Taking pictures in Columbus without common sense

I’ll be the first person to tell you that my book smarts far outweigh my legitimate, survival-based common sense. I can manage my life, my finances somewhat and dress myself, but some things I am just not adapt at.

Wednesday evening I didn’t have anything to do but I was feeling froggy and wanted to try out my new 50 mm f/1.8, so I scoured the internet for sunset locations around Columbus that I haven’t been to.

(for the record, the top of the CSCC parking garage, North Bank Park and anywhere along the Scioto Mile are prime locations for that kind of stuff around the downtown area — I encourage them)

Back to the point. I had read that the Overlook Deck at Highbanks Metro Park had an 100-foot elevated observation deck of the Olentangy and thought that would be a really cool spot. I’ve only ever been to the smaller parks around Columbus and figured it’d be a quick in and out spot and nice to get some fresh air. Yes, this is the part where it all goes horribly wrong.

For starters, I have never hiked in my life. The hills of Camp Ohio in Mt. Vernon have given me some kind of wherewithal to walk up steep paths, but other than that I don’t seek out to hike somewhere usually, it’s not my thing. I don’t know why I thought this was a good idea.

I’m not going to try and justify it — yes I am — but I also wasn’t wearing any socks. Yes, borderline disgusting I know but my feet feel overheated and worse sometimes with socks than when I’m bare-footing it inside my shoe. Giving them more airflow to breathe is so much more comfortable. Though with the added comfort creates an awful odor that normally only I or Emily have to smell. She tolerates me gracefully, bless her heart.

I got to the park around 8 p.m. and with golden hour about to set in I definitely didn’t give myself enough time to get where I wanted to. The Overlook trail is about two miles or so according to the park map, but I figured where I wanted to reach would only take me half that time.I was correct in that thinking, but the only part of that I got wrong was the entire thing.

Instead of going east on the Dripping Rock Trail and connecting with the Overlook right away, I went west, all the way down to the Big Meadows Picnic Area where it intersects with the Scenic River Trail and the Big Meadows Path. Carrying camera equipment with no socks on and a book bag on my back.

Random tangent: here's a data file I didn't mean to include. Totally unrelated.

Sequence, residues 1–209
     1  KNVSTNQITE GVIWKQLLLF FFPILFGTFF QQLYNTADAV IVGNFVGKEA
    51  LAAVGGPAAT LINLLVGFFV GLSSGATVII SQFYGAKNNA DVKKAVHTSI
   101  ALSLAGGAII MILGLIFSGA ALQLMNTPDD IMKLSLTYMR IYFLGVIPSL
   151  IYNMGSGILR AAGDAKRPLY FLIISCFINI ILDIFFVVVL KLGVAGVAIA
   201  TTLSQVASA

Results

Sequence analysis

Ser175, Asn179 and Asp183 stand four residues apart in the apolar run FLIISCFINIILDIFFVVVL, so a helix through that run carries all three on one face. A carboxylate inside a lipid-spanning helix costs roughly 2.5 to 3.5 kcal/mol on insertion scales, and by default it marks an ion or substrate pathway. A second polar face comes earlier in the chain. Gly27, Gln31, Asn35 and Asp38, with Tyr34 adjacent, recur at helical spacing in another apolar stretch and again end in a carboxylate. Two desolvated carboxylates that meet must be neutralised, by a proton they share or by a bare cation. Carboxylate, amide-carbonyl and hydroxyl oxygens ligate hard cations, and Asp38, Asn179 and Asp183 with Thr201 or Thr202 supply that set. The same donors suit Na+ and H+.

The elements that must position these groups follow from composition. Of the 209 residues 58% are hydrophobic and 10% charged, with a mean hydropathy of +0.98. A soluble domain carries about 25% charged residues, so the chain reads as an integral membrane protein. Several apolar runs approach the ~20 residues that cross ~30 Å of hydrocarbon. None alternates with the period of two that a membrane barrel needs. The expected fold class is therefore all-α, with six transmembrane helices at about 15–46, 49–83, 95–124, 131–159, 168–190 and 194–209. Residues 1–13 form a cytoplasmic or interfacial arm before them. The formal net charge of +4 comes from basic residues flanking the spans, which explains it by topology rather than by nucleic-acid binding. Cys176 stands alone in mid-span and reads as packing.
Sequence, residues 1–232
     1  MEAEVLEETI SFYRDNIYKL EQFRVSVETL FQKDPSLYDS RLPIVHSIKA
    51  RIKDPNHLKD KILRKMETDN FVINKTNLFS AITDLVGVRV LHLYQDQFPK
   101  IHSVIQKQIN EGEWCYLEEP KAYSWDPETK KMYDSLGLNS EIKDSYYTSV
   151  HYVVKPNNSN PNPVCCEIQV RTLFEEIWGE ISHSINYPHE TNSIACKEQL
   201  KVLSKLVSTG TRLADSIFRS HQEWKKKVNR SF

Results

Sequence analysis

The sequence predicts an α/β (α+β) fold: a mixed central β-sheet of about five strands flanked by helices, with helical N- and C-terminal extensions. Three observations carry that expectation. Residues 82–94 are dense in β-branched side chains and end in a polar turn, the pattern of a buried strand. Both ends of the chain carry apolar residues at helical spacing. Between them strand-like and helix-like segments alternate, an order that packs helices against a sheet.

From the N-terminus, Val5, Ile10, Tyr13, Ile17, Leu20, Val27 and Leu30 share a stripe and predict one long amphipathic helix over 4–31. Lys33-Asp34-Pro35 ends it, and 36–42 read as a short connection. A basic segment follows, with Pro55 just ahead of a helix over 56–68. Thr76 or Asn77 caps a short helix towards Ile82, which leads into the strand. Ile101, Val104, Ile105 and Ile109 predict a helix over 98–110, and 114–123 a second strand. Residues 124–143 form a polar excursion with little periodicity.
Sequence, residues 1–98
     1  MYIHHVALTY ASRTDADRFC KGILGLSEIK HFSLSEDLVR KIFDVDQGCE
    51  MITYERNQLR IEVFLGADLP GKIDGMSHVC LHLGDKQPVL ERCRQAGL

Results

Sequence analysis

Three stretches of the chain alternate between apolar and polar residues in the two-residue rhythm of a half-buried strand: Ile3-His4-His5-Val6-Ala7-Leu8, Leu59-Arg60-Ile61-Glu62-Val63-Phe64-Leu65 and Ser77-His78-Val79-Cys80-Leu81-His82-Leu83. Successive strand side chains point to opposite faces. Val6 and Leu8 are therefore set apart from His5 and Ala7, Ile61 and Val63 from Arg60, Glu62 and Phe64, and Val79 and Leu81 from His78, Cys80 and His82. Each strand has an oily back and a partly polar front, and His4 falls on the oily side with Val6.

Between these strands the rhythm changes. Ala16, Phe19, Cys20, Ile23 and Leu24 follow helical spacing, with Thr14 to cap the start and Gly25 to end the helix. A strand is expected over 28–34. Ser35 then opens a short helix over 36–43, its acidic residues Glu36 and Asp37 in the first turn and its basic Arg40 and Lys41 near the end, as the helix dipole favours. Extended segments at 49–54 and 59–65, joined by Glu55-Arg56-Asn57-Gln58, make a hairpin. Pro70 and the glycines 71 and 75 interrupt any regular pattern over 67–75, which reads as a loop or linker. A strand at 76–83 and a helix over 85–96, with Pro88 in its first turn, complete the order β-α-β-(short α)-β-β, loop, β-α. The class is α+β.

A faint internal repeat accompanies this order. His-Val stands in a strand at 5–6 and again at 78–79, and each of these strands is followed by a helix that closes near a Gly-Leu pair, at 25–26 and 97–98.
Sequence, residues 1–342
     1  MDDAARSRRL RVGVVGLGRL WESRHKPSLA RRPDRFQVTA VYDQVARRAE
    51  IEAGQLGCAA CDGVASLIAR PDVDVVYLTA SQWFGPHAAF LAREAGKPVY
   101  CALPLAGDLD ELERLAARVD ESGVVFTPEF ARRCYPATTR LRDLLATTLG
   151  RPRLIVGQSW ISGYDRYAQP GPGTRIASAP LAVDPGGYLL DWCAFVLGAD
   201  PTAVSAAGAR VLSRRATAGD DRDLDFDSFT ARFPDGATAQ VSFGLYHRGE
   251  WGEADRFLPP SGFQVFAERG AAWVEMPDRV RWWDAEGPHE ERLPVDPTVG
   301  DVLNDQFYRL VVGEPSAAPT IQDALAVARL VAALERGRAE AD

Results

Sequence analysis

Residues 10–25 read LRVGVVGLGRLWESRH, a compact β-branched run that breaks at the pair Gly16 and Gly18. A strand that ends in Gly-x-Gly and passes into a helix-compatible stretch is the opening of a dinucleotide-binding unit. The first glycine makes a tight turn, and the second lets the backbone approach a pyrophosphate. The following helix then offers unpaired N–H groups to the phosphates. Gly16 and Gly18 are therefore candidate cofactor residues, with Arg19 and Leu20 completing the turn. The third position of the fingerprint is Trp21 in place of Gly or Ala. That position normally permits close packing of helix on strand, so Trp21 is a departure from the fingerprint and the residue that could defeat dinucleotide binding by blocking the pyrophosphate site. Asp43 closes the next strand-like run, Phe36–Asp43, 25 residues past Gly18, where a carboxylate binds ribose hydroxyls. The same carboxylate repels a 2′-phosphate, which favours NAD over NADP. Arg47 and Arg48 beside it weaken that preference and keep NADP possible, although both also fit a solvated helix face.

Fun stuff.

If you’re unfamiliar with the Highbanks layout (still probably more familiar than me) take a look here at the park map.

The point of this all is a few things:

  • Never take me hiking or go hiking with me, you’ll end up lost.
  • Prepare yourself camera-wise and direction-wise beforehand, sometimes it’s important to make a plan and not be sporadic like I was.
  • If you get going on the wrong way, take a couple pictures just to document that the hike wasn’t for nothing besides experience and exercise. Learn from my mistakes.
  • Finally, if it’s not too late, never give up on the night.


So while it was almost 9 p.m. before I got back on 23 and headed south towards Ohio State, I definitely didn’t want the entire night to go to waste. Instead of heading back to my apartment, I went downtown to my favorite spot near the Scioto Mile and walked around a little.

This is where I achieved poetic justice.

Driving downtown Columbus at night you can definitely find a lot of things picture-worthy, but at this point I was just looking for something long exposure-related as that tends to be my go-to with Columbus’ bright lights around the Arena/Gay Street district.

It doesn’t really offer much of a story, but I found gold on a foot bridge that runs over Long Street, connecting with the parking garage for AEP and the U.S. Court of Appeals.

My feet still blistered, my inner-self feeling a little more humble, the night still turned out pretty cool.

bridge above long st-1
Long St. facing west towards North Bank Condos at dusk.

The last real thrill came when I went down the stairs the other way. There was a homeless man asleep on the stairs. He had to have been sleeping there before I even arrived.

I hope he gets the help he needs; it sure put my night into perspective.

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